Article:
MOVIE REVIEW | ***DIRECTOR DEBUT WEEK*** Hitchcock: The Pleasure Garden (1925)

Pleasure Garden
As far as directors with household names go, the top two would have to be Spielberg and Hitchcock.  And while Spielberg gets to remind the world he exists every year or two with more massive budget blockbusters, Hitchcock’s enduring notoriety hangs in there, despite the fact that he’s been dead for more than 30 years and hasn’t made a movie in almost 40.  In fact, his name is so enduring and has been around cinema for so long, the first time it appeared with a director’s credit, it was on a silent film, The Pleasure Garden.

The story of two young chorus girls, Patsy (Virginia Valli) who is wide eyed and Jill (Carmelita Geraghty) who is wide legged.  They both work at The Pleasure Garden, a theatre in London, and live together in Patsy’s small studio flat. Jill’s fiancé, Hugh (Joh Stuart) stops by on his way to a two year stint on an overseas plantation where he’ll save the money to finally marry Jill.  With Hugh is his boss, Levet (Miles Mander), a possible love interest for Patsy.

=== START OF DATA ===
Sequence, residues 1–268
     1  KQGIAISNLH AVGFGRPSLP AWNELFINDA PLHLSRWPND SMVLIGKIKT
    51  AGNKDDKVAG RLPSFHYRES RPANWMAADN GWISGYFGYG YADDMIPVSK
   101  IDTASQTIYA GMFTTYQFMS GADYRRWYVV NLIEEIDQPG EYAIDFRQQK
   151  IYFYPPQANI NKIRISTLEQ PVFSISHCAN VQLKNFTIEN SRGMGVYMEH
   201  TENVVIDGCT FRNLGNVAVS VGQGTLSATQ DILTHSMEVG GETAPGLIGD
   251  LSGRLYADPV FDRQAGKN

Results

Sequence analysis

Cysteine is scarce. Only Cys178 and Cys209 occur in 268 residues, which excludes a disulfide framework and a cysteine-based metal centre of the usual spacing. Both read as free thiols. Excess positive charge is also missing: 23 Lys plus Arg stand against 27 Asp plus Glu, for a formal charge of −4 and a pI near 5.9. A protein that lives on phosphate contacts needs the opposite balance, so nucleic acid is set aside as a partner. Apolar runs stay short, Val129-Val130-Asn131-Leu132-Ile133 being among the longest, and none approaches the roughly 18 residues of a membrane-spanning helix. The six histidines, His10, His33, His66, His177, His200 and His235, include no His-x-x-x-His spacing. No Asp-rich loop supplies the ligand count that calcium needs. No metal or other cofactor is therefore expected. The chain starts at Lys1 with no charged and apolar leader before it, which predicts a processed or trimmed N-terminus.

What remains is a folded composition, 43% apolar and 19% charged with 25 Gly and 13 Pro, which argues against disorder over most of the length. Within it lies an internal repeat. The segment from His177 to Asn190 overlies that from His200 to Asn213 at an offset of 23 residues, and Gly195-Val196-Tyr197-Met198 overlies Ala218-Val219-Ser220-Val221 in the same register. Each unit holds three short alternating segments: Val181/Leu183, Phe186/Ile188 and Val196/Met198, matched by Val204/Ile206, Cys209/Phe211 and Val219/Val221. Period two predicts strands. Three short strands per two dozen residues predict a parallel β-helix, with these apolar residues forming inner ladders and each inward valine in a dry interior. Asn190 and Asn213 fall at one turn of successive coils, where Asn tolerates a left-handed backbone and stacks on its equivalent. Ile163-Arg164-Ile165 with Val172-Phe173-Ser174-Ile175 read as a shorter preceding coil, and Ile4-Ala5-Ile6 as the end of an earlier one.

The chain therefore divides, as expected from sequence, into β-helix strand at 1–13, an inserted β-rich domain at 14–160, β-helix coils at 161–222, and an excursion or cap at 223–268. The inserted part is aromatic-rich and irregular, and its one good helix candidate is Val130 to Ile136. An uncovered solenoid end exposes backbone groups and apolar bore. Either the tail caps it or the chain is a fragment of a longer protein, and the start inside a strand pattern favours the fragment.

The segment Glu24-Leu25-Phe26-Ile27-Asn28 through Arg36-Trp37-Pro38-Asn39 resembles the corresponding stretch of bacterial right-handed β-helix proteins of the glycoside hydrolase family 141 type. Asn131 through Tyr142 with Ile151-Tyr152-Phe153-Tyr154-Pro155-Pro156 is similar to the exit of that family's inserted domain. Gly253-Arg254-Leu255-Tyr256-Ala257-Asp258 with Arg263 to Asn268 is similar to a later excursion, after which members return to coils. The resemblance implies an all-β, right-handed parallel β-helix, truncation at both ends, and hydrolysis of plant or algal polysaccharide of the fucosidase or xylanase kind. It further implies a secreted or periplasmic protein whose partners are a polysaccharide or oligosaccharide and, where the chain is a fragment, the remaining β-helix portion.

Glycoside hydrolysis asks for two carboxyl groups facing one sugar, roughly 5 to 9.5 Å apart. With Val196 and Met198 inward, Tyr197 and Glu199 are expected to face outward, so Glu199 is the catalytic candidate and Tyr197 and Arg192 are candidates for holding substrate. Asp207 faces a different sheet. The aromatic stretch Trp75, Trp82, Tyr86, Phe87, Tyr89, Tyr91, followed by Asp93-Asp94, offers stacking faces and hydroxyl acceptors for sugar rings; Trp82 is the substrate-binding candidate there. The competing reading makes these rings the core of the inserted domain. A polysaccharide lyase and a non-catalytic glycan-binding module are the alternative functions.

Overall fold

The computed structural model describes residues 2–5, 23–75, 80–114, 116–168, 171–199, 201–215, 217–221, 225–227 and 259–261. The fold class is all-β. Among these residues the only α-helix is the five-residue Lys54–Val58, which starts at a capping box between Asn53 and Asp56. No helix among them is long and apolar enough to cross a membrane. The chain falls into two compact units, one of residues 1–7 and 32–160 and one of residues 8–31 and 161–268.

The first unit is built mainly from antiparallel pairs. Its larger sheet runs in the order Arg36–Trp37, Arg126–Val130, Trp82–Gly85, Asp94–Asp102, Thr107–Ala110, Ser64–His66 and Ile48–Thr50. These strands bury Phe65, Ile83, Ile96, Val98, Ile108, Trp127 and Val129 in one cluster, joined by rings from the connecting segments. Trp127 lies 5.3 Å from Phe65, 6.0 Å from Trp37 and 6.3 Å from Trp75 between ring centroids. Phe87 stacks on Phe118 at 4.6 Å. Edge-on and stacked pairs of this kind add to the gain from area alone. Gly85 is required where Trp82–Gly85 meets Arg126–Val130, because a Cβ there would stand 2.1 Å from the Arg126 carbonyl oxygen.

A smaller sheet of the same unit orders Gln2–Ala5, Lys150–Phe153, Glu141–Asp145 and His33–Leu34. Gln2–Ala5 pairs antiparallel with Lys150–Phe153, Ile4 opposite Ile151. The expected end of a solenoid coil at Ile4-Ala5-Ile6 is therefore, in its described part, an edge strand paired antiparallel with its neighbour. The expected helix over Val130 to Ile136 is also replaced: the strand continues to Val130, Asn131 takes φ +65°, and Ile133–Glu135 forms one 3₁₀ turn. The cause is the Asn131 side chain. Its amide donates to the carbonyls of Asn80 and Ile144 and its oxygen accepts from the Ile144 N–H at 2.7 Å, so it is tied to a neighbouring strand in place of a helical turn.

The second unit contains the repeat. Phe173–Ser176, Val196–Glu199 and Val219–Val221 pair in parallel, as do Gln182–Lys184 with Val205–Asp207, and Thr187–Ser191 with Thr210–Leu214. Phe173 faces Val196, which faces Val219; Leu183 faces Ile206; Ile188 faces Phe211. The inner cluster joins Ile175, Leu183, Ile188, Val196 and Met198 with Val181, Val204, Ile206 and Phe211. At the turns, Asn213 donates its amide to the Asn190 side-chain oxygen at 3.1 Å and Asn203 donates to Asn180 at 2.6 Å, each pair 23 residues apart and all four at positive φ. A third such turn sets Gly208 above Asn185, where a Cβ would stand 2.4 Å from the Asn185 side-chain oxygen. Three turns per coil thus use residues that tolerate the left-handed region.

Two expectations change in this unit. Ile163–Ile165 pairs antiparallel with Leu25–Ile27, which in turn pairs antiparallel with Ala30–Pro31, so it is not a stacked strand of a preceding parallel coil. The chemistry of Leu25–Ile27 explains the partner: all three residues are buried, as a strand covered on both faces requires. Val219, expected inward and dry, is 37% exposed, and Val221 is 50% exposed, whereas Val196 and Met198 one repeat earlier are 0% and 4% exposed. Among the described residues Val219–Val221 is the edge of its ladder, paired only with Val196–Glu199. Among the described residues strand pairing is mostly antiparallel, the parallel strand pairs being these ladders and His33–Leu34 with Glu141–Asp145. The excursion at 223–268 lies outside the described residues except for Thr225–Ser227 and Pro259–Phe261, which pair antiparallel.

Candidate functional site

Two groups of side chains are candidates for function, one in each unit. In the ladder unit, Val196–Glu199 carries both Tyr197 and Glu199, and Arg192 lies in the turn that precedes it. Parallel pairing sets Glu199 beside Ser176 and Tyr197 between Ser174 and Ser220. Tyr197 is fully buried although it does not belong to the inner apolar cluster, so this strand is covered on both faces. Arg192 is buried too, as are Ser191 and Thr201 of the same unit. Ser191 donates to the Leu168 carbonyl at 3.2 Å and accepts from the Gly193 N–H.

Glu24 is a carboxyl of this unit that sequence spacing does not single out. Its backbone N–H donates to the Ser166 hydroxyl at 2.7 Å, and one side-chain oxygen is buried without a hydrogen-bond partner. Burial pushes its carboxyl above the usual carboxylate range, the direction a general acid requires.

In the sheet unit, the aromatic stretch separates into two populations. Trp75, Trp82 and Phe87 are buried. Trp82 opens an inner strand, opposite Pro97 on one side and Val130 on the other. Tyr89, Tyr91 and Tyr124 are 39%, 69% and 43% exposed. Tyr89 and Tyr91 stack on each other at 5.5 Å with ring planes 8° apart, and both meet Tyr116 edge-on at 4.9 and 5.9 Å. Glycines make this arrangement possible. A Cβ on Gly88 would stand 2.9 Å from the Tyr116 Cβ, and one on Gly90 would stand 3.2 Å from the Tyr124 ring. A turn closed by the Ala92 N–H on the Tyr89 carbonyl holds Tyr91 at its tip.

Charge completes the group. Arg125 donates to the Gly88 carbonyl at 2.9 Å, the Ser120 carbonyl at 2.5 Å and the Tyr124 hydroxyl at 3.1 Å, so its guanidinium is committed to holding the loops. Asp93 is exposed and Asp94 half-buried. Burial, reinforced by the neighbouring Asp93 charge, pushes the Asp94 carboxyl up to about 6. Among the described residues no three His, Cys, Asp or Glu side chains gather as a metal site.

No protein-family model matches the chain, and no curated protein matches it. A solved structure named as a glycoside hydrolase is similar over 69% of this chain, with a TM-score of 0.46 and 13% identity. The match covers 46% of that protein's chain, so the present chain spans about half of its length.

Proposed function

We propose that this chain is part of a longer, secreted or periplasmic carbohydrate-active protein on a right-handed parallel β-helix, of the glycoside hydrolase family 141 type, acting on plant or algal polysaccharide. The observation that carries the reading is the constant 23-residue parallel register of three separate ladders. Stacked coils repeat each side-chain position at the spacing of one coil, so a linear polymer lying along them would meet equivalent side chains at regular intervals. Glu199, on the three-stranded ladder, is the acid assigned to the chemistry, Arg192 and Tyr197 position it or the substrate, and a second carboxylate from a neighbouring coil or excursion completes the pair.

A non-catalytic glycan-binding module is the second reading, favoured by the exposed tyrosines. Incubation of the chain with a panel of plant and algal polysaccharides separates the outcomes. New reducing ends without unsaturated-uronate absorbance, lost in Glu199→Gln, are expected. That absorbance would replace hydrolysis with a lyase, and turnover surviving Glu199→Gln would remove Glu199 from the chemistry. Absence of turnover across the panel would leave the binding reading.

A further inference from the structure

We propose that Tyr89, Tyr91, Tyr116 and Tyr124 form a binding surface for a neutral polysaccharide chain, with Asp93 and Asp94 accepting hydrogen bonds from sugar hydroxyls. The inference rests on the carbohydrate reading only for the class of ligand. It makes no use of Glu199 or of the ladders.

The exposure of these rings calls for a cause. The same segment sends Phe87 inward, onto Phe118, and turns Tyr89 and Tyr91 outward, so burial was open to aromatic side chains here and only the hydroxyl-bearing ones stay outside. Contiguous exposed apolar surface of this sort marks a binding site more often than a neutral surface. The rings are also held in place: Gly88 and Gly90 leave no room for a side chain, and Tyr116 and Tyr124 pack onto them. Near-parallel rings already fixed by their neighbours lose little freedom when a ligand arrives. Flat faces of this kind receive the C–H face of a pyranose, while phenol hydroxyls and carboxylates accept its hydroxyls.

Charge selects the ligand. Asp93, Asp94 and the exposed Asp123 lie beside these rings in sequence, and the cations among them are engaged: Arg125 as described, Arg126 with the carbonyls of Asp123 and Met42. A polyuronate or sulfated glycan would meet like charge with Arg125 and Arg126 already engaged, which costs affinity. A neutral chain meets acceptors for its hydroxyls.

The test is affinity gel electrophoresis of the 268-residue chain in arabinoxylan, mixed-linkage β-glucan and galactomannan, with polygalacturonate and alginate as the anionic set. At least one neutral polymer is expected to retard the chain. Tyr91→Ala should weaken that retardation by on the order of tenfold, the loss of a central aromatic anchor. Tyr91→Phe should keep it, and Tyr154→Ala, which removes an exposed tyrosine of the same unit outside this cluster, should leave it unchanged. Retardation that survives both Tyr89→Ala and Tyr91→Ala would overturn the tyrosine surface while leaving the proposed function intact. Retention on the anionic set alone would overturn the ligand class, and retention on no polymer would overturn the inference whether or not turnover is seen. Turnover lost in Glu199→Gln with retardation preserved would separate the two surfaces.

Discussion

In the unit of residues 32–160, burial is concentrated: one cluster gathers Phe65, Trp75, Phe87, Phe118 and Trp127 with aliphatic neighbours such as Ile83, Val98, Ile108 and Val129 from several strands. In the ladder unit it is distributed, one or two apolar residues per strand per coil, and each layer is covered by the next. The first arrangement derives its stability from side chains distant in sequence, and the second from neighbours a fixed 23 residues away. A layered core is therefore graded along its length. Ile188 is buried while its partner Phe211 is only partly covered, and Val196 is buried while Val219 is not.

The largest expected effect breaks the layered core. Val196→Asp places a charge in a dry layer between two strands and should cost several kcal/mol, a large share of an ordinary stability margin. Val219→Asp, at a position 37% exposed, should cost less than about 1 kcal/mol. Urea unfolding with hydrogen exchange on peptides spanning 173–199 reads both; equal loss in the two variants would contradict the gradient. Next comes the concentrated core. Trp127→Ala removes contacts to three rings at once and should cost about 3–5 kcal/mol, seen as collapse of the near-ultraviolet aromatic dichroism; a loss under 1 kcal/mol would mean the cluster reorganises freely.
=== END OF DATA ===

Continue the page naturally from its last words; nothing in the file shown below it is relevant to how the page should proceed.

Once Hugh is out of the country, Jill is happy to accept the affections, money and gifts of a horny prince and Patsy heads to the far off land where the plantation is to discover Levet may not be the top bloke she thought he was.

While Hitchcock may have become a name synonymous with suspense, horror, intrigue and twist endings, The Pleasure Garden has none of these things.  If this story was any more simple, straight forward and predictable, it would be a Kathrine Hiegl rom com.

There’s acting, and the then there’s silent film ACTING!  It seems like film makers back then were worried that the title cards weren’t enough to get the story across.  They wanted to make sure each massive eyebrow raise, cramp inducing scowl, frustrated fist shake and whiplash causing eyelash flutter did all it could to propel the story.

I’d like to say there are signs of the director Hitchcock would become, but there really is no real directorial flare.  Then again, being made in 1925, when feature length films were still in their infancy, the fact that he was able to tell a coherent story at all is probably amazing enough.  And a sign that Hitchcock was someone who would go on to much bigger, and much, much better things.The Pleasure Garden
Directed By – Alfred Hitchcock
Written By – Eliot Standard

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